Component libraries are becoming more and more popular with the rise of JavaScript libraries and frameworks like React and Vue. These technologies are very suitable for quickly building interactive components that you can use in your application, and can easily be exposed as a library on NPM or Github Packages. At Vandebron, we’re building all our web and mobile applications with React and React Native and are using Storybook to develop our components in a shared library between the engineering and design teams. This can potentially create a lot of advantages for both the developers and designers, as you can read below.

Why you might need a component library

Before deciding to create a component library for your team or company, you probably want to hear about the advantages such a project can lead to. The main advantages of component libraries are briefly mentioned in the first section above and are often defined as:

  • Reducing code duplication: With a component library, you can create components that can be shared across multiple websites or applications. This way you no longer have to duplicate styling in different projects. This can seriously decrease the amount of code duplication that you have in your projects, also reducing the number of bugs or design inconsistencies.

But these advantages come at a certain price, as I’ll explain in the next section.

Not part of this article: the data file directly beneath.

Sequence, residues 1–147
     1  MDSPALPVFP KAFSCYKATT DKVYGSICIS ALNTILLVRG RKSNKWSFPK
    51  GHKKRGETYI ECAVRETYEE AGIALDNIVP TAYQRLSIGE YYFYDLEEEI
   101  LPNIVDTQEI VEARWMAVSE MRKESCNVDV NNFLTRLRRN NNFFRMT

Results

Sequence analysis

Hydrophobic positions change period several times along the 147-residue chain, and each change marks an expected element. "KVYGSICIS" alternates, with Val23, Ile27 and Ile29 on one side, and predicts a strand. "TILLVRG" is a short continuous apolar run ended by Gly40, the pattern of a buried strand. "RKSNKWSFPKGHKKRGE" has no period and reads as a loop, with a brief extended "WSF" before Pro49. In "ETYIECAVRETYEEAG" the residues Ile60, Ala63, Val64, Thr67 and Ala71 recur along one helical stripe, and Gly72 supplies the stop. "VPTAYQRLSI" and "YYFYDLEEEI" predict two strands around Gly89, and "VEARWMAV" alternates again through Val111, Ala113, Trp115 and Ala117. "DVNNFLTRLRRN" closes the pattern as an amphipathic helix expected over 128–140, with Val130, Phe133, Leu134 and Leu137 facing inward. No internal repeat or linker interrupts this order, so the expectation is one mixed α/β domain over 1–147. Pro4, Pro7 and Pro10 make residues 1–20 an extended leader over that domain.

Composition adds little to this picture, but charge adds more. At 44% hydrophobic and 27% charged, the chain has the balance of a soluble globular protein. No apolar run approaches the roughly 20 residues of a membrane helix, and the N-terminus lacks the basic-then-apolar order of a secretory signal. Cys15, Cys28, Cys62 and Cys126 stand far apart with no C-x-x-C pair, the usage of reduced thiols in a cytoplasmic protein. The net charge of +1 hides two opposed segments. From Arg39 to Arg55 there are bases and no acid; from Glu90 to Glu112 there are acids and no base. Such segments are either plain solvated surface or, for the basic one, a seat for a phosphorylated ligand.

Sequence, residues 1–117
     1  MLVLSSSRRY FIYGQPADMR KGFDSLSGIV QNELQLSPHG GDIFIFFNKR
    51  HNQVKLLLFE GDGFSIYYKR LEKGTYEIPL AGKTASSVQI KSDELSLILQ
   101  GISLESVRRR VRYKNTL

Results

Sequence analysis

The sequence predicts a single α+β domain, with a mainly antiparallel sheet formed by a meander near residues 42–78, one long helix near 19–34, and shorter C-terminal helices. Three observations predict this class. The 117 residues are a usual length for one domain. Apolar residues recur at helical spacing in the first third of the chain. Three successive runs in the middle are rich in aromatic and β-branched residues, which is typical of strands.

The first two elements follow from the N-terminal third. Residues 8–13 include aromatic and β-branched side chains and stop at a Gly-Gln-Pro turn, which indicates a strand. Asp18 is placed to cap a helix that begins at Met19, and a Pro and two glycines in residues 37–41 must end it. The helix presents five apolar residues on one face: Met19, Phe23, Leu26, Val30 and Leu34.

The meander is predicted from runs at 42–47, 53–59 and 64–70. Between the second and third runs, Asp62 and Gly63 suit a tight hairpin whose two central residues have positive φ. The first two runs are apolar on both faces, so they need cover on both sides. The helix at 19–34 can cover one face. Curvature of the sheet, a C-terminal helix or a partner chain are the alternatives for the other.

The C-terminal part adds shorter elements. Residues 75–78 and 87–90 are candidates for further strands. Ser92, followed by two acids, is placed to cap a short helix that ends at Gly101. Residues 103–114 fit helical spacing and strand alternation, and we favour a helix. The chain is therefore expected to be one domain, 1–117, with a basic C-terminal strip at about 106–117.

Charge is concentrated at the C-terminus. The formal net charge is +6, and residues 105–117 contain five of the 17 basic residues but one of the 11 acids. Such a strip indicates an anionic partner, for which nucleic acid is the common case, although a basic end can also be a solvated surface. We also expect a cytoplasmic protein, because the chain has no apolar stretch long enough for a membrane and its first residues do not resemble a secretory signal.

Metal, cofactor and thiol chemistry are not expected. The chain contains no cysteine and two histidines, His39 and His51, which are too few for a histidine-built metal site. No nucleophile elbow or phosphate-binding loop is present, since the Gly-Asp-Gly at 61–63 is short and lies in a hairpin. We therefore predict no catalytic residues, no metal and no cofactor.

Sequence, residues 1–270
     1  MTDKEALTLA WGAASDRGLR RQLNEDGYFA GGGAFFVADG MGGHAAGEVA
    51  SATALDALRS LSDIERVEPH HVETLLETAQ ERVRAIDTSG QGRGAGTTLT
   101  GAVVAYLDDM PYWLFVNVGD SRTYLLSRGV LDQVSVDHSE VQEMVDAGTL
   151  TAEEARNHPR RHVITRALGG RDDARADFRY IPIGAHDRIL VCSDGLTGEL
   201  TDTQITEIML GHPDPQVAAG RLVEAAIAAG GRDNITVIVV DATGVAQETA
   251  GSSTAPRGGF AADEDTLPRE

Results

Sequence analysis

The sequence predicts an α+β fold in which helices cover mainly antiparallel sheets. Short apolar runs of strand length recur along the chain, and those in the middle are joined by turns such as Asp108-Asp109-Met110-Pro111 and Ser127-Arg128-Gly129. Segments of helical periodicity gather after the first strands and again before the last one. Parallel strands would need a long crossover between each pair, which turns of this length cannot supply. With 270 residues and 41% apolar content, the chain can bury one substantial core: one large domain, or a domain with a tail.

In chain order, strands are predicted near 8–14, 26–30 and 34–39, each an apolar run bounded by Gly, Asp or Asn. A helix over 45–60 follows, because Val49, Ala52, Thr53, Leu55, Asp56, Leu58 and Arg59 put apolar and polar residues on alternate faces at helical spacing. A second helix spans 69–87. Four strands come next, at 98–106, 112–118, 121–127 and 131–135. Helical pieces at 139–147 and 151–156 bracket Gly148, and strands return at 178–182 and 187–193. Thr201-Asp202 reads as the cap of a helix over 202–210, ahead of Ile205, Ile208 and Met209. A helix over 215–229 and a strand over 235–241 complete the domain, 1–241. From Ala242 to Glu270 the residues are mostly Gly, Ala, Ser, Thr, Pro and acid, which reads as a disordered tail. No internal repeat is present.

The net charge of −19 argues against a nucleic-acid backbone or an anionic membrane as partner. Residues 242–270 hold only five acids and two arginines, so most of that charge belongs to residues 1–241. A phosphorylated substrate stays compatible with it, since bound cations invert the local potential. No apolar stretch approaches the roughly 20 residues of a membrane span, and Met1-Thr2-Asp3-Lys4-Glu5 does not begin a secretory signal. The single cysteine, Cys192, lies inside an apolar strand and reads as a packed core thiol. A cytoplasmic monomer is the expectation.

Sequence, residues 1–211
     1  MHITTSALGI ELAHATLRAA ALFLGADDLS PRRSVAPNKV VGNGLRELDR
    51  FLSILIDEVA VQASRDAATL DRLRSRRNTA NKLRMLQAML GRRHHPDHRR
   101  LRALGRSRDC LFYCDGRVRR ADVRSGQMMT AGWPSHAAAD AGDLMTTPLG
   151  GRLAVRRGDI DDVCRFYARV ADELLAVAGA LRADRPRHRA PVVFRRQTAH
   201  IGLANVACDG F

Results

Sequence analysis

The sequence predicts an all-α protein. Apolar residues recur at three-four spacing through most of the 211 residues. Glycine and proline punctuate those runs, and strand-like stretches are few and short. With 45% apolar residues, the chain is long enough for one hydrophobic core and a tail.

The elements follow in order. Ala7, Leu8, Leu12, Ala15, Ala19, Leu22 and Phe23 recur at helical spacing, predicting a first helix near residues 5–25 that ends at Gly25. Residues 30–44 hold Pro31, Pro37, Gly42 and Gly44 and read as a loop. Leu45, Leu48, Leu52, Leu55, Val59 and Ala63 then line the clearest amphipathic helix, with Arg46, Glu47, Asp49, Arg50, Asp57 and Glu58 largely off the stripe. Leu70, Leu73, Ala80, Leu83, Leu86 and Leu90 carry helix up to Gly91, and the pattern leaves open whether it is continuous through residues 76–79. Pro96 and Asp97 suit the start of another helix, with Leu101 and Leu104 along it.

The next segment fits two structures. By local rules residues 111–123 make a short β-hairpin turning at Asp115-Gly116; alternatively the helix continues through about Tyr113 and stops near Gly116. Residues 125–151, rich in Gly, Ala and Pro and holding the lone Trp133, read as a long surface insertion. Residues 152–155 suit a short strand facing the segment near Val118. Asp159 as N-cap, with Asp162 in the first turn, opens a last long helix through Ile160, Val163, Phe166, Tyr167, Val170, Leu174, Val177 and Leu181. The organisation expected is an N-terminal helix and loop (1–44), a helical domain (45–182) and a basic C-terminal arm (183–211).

Disadvantages of component libraries

Besides the obvious advantages of a component library, it can also have serious disadvantages that are listed below. Whether or not these disadvantages apply to you depends on numerous things that are discussed later on in this article.

  • Increasing complexity: With all attempts to make code more generic, an increased level of complexity also comes to play. Reusable components should be easy to extend or customize, which requires you to think about the different use cases beforehand or force you to add many different variations to a component. With every new project that starts to use the component library, you get the risk of increasing the complexity of the library even more.

As mentioned before, there are reasons why these disadvantages might apply to you that are the team size, the number of teams and projects at the company, development or release lifecycles, and how your source code is organized. It clearly doesn’t make sense to invest in a component library if you have just a small amount of people work on just one project, or a sole team is working on all the different projects making it easier to manage code duplication or design inconsistencies.